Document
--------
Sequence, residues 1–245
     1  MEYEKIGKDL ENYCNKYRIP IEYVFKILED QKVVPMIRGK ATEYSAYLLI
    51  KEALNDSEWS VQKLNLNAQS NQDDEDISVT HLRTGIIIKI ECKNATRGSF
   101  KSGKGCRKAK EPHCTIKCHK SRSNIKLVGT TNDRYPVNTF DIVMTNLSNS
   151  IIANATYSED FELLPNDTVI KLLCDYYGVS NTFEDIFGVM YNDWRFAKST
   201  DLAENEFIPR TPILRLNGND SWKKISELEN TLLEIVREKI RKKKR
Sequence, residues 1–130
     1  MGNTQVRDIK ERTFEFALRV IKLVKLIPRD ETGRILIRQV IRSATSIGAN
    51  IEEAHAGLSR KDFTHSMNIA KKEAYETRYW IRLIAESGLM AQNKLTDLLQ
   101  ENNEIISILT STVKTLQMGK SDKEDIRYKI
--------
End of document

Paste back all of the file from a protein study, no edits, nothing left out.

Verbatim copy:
Sequence, residues 1–245
     1  MEYEKIGKDL ENYCNKYRIP IEYVFKILED QKVVPMIRGK ATEYSAYLLI
    51  KEALNDSEWS VQKLNLNAQS NQDDEDISVT HLRTGIIIKI ECKNATRGSF
   101  KSGKGCRKAK EPHCTIKCHK SRSNIKLVGT TNDRYPVNTF DIVMTNLSNS
   151  IIANATYSED FELLPNDTVI KLLCDYYGVS NTFEDIFGVM YNDWRFAKST
   201  DLAENEFIPR TPILRLNGND SWKKISELEN TLLEIVREKI RKKKR
Sequence, residues 1–130
     1  MGNTQVRDIK ERTFEFALRV IKLVKLIPRD ETGRILIRQV IRSATSIGAN
    51  IEEAHAGLSR KDFTHSMNIA KKEAYETRYW IRLIAESGLM AQNKLTDLLQ
   101  ENNEIISILT STVKTLQMGK SDKEDIRYKI